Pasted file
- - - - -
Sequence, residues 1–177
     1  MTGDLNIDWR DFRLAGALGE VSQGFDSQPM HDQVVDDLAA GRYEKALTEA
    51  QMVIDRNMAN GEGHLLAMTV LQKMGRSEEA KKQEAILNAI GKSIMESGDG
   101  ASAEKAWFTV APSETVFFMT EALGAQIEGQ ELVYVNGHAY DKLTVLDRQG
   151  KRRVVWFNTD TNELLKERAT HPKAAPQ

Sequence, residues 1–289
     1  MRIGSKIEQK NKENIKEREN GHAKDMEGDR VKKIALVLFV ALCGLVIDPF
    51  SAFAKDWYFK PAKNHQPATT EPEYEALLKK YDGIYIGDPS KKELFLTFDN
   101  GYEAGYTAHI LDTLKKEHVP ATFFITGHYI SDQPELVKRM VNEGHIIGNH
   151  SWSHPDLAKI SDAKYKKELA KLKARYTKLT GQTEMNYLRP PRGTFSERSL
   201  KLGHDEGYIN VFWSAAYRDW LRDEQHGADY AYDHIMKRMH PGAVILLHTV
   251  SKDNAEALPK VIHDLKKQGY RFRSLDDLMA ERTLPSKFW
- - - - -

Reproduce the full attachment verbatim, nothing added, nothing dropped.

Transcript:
Sequence, residues 1–177
     1  MTGDLNIDWR DFRLAGALGE VSQGFDSQPM HDQVVDDLAA GRYEKALTEA
    51  QMVIDRNMAN GEGHLLAMTV LQKMGRSEEA KKQEAILNAI GKSIMESGDG
   101  ASAEKAWFTV APSETVFFMT EALGAQIEGQ ELVYVNGHAY DKLTVLDRQG
   151  KRRVVWFNTD TNELLKERAT HPKAAPQ

Sequence, residues 1–289
     1  MRIGSKIEQK NKENIKEREN GHAKDMEGDR VKKIALVLFV ALCGLVIDPF
    51  SAFAKDWYFK PAKNHQPATT EPEYEALLKK YDGIYIGDPS KKELFLTFDN
   101  GYEAGYTAHI LDTLKKEHVP ATFFITGHYI SDQPELVKRM VNEGHIIGNH
   151  SWSHPDLAKI SDAKYKKELA KLKARYTKLT GQTEMNYLRP PRGTFSERSL
   201  KLGHDEGYIN VFWSAAYRDW LRDEQHGADY AYDHIMKRMH PGAVILLHTV
   251  SKDNAEALPK VIHDLKKQGY RFRSLDDLMA ERTLPSKFW